Sonically, "Only You" has a lot in common with many songs on "Razzle Dazzle," but it's better than most all of them, so yeah.

25. Adult Children
Why is it good?
How could long-time Buck-Tick fans fail to share in the triumph underlying this deceptively simple Japanesque ballad about Sakurai coming to terms with his abusive childhood? In addition to being a great song, it marked a major turning point for Sakurai in his relationship with the music and with the fans. This is the song where he stopped apologizing. I already wrote a lot about it in this article, so I'll leave it at that. 

Should it be on a best-of album?
Absolutely.

26. Love Parade
Why is it good?
Hell, this is basically Buck-Tick's theme song. The fact that it contains specific references to the events of 2012 just makes it all the more special, because it's about experiences which the band and the fans shared together. "Steppers -Parade-" is lots of fun, but it's also basically just "Climax Together" redux. "Love Parade" is the one that really gets down deep.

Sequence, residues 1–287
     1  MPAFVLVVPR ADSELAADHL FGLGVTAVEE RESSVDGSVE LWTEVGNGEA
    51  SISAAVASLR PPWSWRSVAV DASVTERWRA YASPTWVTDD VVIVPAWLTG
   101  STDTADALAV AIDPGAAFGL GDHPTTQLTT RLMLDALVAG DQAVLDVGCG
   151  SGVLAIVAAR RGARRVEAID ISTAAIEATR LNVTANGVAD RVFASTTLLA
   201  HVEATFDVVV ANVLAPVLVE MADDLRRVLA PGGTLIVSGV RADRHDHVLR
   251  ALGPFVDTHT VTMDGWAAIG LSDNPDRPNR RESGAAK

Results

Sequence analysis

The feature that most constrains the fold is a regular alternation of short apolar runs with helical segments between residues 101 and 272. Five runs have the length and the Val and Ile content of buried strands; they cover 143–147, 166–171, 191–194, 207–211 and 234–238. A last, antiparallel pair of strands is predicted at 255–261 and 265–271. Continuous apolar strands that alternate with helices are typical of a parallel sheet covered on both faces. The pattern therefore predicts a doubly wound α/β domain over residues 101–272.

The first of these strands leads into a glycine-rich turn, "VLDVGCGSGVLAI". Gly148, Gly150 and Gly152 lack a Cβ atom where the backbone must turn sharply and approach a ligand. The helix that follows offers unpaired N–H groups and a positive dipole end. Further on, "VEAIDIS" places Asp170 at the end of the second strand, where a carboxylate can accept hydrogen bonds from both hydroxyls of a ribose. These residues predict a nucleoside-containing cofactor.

Should it be on a best-of album?
Why not?

27. Melancholia -Electria-
Why is it good?
We love the album version of this, too, but the electronic version brings back one of Buck-Tick's signature sounds: a blend of electronic and acoustic instruments in equal measure...and bonus points for the dubstep grooves! Buck-Tick have written a whole slew of catchy electro dance songs over the course of their career, and "Melancholia" is one of the best of the bunch. The simple yet deep lyrics are neck deep in occult symbolism and invite endless interpretation - but there's no question that there's something radically queer and feminist at work here, and in a world piled high with the stinking dog shit of the patriarchy, that feels like victory.